If former President Clinton has been more absorbed in his thoughts than usual lately, it shouldn't be a surprise.
His presidential library has opened in his old hometown of Little Rock, Ark. Its collection is drawn from 630 tons of materials -- 80 million pages of presidential records, 79,000 museum objects and almost 2 million photographs -- more material than any president has had to date.
Earlier this week, Clinton sat down with ABC News' Peter Jennings to talk not only about his past and his legacy, but the future -- of his beleaguered party, his country, and even himself.
Some excerpts of the Nov. 16 interview follow.
I think that even I underestimated the level of opposition, at least given the troop strength we had there. You know, my position on the Iraq War was different from almost everybody else's that I've heard talk. I supported giving the president the authority to take action against Saddam Hussein if he did not cooperate with the U.N. inspectors, or if he was found to have had weapons of mass destruction he wouldn't give up. I did believe that the administration made a mistake going to war when they did, and that's what alienated the world. Most Americans still haven't focused on this.
We as America, we don't need to look like an occupying power. We don't need to be trying to rig the outcome. But if they're capable of both self-government and security, then I think, in the end, it could still be a net plus for the region. And that is what I think our goal ought to be. You know, I don't follow it on a day-to-day basis. I'm not there. I'm concerned about it.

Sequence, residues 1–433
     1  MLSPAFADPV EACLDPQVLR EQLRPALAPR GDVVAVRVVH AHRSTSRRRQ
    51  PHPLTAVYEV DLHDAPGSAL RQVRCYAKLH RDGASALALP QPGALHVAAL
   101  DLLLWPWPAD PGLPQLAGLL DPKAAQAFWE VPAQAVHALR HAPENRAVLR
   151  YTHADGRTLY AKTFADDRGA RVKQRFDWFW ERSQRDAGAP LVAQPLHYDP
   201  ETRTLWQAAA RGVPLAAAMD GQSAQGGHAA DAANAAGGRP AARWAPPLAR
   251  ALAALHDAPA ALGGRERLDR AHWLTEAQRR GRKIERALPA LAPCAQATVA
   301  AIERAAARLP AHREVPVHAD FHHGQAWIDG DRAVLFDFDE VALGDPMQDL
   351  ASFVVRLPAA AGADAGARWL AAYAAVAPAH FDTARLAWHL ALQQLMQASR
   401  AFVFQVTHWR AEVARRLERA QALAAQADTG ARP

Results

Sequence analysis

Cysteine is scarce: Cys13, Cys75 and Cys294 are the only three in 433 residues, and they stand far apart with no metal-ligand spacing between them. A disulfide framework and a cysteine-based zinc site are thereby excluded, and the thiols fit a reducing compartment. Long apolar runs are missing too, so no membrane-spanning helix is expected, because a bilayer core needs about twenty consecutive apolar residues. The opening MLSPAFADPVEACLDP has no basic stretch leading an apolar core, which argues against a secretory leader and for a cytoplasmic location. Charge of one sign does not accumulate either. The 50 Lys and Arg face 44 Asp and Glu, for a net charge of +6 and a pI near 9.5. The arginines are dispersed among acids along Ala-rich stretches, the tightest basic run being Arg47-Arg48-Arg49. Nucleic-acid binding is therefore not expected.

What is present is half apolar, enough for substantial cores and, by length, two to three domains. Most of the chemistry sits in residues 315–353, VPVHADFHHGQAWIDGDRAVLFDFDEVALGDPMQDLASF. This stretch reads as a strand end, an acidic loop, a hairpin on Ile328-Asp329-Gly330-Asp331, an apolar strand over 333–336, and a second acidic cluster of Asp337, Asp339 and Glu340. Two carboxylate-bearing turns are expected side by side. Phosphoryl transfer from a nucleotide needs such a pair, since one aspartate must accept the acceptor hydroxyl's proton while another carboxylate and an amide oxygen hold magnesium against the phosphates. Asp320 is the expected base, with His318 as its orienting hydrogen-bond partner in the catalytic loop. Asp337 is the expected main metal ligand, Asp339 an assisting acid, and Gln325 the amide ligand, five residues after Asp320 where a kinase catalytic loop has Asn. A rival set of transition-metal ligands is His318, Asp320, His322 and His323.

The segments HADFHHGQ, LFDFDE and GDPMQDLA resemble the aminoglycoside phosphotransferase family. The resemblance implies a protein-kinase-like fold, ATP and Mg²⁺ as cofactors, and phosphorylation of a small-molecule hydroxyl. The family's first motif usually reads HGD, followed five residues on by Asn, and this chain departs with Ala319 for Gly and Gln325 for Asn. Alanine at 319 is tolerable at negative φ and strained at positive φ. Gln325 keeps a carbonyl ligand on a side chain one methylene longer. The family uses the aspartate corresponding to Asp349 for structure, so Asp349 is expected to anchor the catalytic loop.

If you look at the 9/11 Commission's report about what we did, and how we prepared for, we had 9/11-style threats for the millennium. And the extent of our preparations, and the work we did, the number of terrorists we brought to justice, the 20 al Qaeda cells we broke up, if you look at all that, and the fact that we apparently still came closer to getting bin Laden than anybody has since, even though they have a lot more options -- military options -- than we had -- I wish that I had gotten him.
As far as I know, I'm doing well. I'm walking a mile a day, uphill, vigorously. I still get tired easily, I haven't recovered my stamina. But everybody who's done this says I will. So I'm just waiting, and after the library dedication, Hillary and I are going to try to get a little rest between now and Thanksgiving, and try to get my strength back.
I was always working too hard and too long. And so, today, when I take these hourly walks that are part of my recovery, you know, and I walk past 40 trees, I can probably tell you what color 30 of them were. You know, I find birds that I used to know, I'm more alive to just the pace of daily life than I used to be, and I'm very grateful for things that are easy to take for granted.
We saw it in 2002 when Max Cleland, who left half his body in Vietnam, was put in a television ad with Saddam Hussein and compared to Saddam Hussein because he wouldn't vote for President Bush's version of the Homeland Security Bill, a bill the president himself had opposed just a few weeks before they were comparing Cleland to Saddam Hussein. That's what they do. I didn't do that. I've never done that.